The second wave broke on April 16 and was not directly wage-related. The Colonial Office considered the motives political and that, the underlying cause of the strikes was probably the fact that the earlier strikes had given the labourers an idea of their power and their victory had gone to their head. The workers demanded the right to wear “Gandhi hats” and fly Congress flags in their compounds, and wanted the abolition of the custom of coolies having to dismount from their bicycles if they met a planter’s car on the roads.

Such “insolence” outraged the High Commissioner, Sir Shenton Thomas, who told CIAM leaders, “the strike was a disgrace to the Indian community” and a “politically inspired . . .challenge to authority.” Nevertheless, Thomas downplayed the significance of the affair by claiming that “the men will soon get tired of the new fashion” of Gandhi caps. Sounding like the Wodehouse character Bertie Wooster, he claimed, “It is the custom of India to dismount from a bicycle when meeting a superior . . . just as we take off our hat to a lady.”

Arguably, the laborers were demanding to be treated with respect, and this collided with the racist stereotyping common among planters and British officials. Puzzled that “their” Tamils had become unruly, the British police blamed the whole situation on “agitators.” They reasoned, “if they could get rid of them, the rest of the labour force would be perfectly contented.”

High Commissioner Sir Shenton Thomas ordered the arrest of Nathan and Thangaiah, whom he blamed for leading the Tamils astray. In the monochrome world of racial stereotypes common to men of Thomas’s rank and class, it was inconceivable that “the mild Hindu” could act without outside influence. There is evidence that he had already decided to arrest the agitators before the start of the second wave of strikes but was waiting for the most opportune moment to act and thus behead the strike movement. The laborers, however, were incensed by the arrests, which added to their growing list of unresolved grievances. After his deportation to India, Nathan listed the strikers’ demands as follows:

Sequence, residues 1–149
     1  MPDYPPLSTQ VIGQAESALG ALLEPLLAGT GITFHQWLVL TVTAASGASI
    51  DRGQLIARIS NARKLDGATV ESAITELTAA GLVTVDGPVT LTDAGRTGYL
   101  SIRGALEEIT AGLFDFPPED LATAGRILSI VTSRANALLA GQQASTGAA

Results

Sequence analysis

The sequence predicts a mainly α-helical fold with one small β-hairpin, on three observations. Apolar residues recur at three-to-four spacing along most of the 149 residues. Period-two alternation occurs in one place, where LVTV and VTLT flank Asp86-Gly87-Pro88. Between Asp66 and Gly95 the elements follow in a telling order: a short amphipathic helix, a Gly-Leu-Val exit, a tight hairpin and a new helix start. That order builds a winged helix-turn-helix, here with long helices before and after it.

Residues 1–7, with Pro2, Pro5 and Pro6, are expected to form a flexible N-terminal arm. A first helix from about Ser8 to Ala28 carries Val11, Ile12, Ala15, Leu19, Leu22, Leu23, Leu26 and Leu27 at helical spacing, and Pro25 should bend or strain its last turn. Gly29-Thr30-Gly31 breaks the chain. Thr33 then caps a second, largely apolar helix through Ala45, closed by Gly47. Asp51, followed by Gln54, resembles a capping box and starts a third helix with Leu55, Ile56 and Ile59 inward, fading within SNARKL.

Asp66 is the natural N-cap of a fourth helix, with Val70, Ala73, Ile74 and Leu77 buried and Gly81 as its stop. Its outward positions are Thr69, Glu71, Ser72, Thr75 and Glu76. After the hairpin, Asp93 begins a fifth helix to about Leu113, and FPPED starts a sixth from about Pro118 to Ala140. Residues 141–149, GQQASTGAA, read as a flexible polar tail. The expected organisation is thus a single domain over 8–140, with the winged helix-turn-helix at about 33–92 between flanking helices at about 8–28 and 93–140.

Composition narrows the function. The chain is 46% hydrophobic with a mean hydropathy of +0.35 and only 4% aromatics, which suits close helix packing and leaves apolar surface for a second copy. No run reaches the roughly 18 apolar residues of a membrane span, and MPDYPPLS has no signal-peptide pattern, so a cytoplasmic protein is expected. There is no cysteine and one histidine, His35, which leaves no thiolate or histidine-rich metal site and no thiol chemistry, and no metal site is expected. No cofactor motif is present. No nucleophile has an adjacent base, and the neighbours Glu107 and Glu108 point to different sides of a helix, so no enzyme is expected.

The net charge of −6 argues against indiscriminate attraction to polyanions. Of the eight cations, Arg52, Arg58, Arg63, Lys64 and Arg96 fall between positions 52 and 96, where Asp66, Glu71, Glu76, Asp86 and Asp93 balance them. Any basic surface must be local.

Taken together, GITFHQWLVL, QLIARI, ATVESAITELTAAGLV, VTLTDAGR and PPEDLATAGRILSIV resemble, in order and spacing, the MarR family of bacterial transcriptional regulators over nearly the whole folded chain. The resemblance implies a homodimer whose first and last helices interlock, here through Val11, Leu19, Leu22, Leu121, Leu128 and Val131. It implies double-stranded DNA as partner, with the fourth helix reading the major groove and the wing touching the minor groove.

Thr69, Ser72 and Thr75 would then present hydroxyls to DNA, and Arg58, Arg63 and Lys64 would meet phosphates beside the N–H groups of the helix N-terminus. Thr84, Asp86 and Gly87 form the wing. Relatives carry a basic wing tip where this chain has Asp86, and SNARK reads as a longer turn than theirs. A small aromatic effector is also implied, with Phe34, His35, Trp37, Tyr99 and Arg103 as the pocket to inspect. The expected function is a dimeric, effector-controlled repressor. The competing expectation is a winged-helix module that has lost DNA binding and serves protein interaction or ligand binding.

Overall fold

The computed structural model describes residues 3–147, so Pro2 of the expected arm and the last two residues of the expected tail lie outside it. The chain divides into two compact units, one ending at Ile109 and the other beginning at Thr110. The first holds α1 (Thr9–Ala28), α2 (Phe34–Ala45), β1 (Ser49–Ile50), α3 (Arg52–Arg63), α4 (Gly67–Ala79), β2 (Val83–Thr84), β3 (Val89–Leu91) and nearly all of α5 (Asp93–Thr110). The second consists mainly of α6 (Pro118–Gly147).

1. Pay parity between Indian and Chinese [laborers]
2. Removal of “brutal” Ceylonese and Malayalee staff and replacement with Tamils
3. Proper education for children
4. An end to the molestation of laborers’ womenfolk by Europeans and “black” Europeans
5. Proper medical facilities
6. Closing of toddy shops
7. Freedom of speech and assembly
8. Free access to estates for family and friends
9. Laborers to remain mounted on bicycles in front of European and Asian staff
10. Abolition of 10–12-hour days
11. No victimizations
12. Permission to form associations to represent their interests
(taken from Chapter 16 - Coolie Revolt - The Devil's Milk by John Tully)

On the 14th May 1941, The Straits Times reported that the situation in estates in Selangor and around Kuala Lumpur is worsening as the wave of strikes spreading. It has been reported, agitators have peddling bicycles working their way from one estate to another estate in Kuala Lumpur resulting to 27 estates on strike.

On the 13th May, 30 labourers from Banting have been charged in Klang Court and remanded. 16 agitators have been detained at Bukit Darah Estate.

The labourers on Effingham Estate and Seventh Mile Estate on the Old Damansara Road have gone out on strike.

A Tamil, Sithambaram was charged in court for intimidation.

The High Commissioner, Sir Shenton Thomas had met with the government officials and UPAM's president S.B Palmer to discuss matters arsing from the labour unrest.

The British Resident of Selangor has called out the European Company of 2nd Battalion Federated Malay State Volunteers to patrol the road in the vicinity of Kuala Lumpur.

Please note the selection of words used by The Straits Times's editor - gangs of intimidators and agitators. Also interested that labourers have been using bicycles to mobilise their strength.




Petition to Save Ganapathy from Tambikottai, India

Indian Daily Mail March 28, 1949 On 28th March 1949, the Indian Daily Mail reported that people of Tanjovore village of Muthupet from ...